“I don’t know if you’ll find a more efficient swing other than Paul Molitor, someone like that,” Scioscia said. “And Molitor couldn’t do what (Pujols) does in the box.”



Right-hander David Phelps’ impressive 5 1/3 innings of relief Saturday underscored a hidden strength of the Yankees — pitching depth.

That depth goes beyond right-hander Michael Pineda and lefty Andy Pettitte, neither of whom is in the current rotation, and beyond righty Dellin Betances and lefty Manuel Banuelos, the team’s top pitching prospects.

Phelps, who has now allowed one run in eight innings, beat out Triple A righties Adam Warren and D.J. Mitchell for the long reliever’s job. None of the three figures to become more than a back-of-the-rotation starter, but ask the Boston Red Sox — such pitchers are valuable.

Banuelos and Betances, the more ballyhooed youngsters, are off to rocky starts at Triple A; Banuelos just landed on the DL with a lattisimus muscle problem in his back. The Yankees expect him to miss only one turn, however, and envision him possibly serving as a lefty reliever in the second half.

A lighter note on the young pitchers: Girardi said that Phelps and Mitchell threw the exact number of pitches in spring training — he thought the number was 274. Girardi said he told pitching coach Larry Rothschild, “They can’t accuse of you not giving them both a fair shot.”



Some Angels fans are grumbling on Twitter that they want Mark Trumbo to get more consistent playing time to ease his transition from first to third base.

That, however, was never the team’s plan.

The Angels expect Trumbo to play only 40 to 60 games at third, and they will pick their spots when to use him. Trumbo has not started either game pitched by Wilson, a left-handed groundball pitcher. But he figures to play often behind righties Jered Weaver and Dan Haren, flyball pitchers who — according to the Angels’ charts — rarely allow grounders to third.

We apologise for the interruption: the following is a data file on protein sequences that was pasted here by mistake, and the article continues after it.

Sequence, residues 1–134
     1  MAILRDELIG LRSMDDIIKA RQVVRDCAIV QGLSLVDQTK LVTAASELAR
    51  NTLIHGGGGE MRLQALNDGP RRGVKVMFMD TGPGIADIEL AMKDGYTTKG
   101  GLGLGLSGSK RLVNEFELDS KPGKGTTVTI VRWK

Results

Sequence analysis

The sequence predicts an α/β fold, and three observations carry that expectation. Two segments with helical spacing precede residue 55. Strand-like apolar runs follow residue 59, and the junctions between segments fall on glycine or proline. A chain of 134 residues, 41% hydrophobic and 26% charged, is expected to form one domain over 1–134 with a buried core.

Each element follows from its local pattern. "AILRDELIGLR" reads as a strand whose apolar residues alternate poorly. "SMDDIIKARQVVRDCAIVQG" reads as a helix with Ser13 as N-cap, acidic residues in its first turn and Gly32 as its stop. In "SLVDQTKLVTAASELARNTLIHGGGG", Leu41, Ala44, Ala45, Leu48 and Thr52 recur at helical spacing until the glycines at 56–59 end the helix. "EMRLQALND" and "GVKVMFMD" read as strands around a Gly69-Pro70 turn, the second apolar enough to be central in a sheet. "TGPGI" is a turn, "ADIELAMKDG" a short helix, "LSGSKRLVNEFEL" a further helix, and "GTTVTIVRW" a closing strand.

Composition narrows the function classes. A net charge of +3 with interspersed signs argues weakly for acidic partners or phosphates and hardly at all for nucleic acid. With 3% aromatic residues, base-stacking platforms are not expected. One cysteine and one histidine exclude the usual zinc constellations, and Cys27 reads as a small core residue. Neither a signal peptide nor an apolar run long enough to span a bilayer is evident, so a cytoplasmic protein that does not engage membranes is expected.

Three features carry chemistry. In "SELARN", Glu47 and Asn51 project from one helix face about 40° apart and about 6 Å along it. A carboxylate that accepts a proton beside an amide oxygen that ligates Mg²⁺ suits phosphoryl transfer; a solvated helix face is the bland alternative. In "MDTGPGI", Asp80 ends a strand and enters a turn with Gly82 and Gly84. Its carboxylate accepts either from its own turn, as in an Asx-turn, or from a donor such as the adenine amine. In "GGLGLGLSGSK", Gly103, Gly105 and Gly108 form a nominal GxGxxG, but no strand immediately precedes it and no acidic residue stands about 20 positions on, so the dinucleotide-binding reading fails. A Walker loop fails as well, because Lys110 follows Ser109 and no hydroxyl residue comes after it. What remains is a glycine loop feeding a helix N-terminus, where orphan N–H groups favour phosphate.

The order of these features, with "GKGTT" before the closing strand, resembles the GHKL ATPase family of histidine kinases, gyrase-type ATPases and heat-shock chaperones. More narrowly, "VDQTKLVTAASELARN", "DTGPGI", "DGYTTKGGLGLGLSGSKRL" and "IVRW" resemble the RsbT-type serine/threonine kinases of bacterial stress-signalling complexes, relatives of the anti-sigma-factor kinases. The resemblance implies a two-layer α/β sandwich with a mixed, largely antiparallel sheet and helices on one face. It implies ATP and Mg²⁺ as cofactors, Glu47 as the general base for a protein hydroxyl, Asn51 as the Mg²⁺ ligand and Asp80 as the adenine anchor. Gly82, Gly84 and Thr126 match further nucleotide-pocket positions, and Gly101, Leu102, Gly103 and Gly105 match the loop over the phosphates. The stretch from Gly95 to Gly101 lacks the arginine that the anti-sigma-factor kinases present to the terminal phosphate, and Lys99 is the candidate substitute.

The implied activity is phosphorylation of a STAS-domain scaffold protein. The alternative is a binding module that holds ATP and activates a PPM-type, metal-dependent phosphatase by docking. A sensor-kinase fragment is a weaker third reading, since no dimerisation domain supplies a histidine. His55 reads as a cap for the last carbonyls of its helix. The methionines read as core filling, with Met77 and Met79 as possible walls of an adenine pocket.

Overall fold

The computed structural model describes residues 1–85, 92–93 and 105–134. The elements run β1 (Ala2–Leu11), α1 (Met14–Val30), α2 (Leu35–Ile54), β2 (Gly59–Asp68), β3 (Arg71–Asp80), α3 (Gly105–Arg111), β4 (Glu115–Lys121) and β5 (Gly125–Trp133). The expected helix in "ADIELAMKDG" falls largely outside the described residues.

Trumbo, in addition to playing third, will spell Pujols at first, Kendrys Morales at DH and also play the corner-outfield positions. The Angels’ goal: To get him 400 to 500 at-bats, any way they can.



Angels right fielder Torii Hunter, a free agent at the end of the season, doesn’t want to be one of those older outfielders who struggles to find work on the open market.

Hunter, who turns 37 on July 18, lost 16 pounds during the offseason in an effort to remain agile and athletic. He would prefer to stay with the Angels, but Wells is under contract through 2014, Peter Bourjos is set in center and the Angels eventually need to make room for top prospect Mike Trout. Trumbo also could move to the outfield if he fails to master third base.

“They know I want to be here,” Hunter said, referring to Angels management. “It’s not about that. It’s not about me. I’m thinking about winning.”



Yankees shortstop Derek Jeter is off to a red-hot start, but when I asked a rival scout about him the other day, the scout raved instead about one of those unselfish plays that seems to define Jeter.

The play occurred in the sixth inning of Monday’s game against the Orioles, with the Yankees leading, 5-1. Jeter already had three hits, but rather than swing away with runners on first and second and none out, he laid down a sacrifice bunt to create an RBI opportunity for the hitters behind him.

Some people get tired of hearing about Jeter. Baseball people don’t get tired of talking about him.



•The Yankees signed Andruw Jones before last season because he mashes left-handed pitching, but GM Brian Cashman has come to view Jones as a special person, the same kind of clubhouse presence that Tony Clark and John Flaherty were for previous Yankee teams.

Jones stays ready, cheers his teammates from the bench, enjoys popularity in all corners of the room. Case in point: He frequently goes out with Jeter and trained in the offseason with A-Rod.

“I’m a neutral guy,” Jones said. “I get along with everyone.”

• Raul Ibanez isn’t a strong defender in either corner-outfield spot, but Girardi likes the flexibility he offers.

If center fielder Curtis Granderson is the DH, Girardi can slide Brett Gardner to center and play Ibanez in left.

Ibanez can play right when Nick Swisher is the DH, or when Mark Teixeira is the DH and Swisher is at first.

• Angels left fielder Vernon Wells hit his second home run on Saturday, but Sciosica had some interesting comments on him before the game.

“He’s got to be a hitter again first instead of treating it like a driving range,” Scioscia said. “This guy is a good hitter. Last year he hit 25 home runs but hit (.218). He’s a much better hitter than that.

“At first, for him, let’s get simple. Become a hitter first. As you get more comfortable, the ball will come off the bat again.”

• And finally, Granderson will wear special shoes Sunday night in honor of Jackie Robinson Day.

The shoes, which will feature the Robinson day logo on the back and No. 42 on the tongue, will be auctioned off at a later date. All proceeds will go to the Jackie Robinson Foundation, Granderson said.

Granderson is one of the few college graduates in the majors. To hear more from him on the importance of education, check out the video interview I did with him (at right) on Saturday.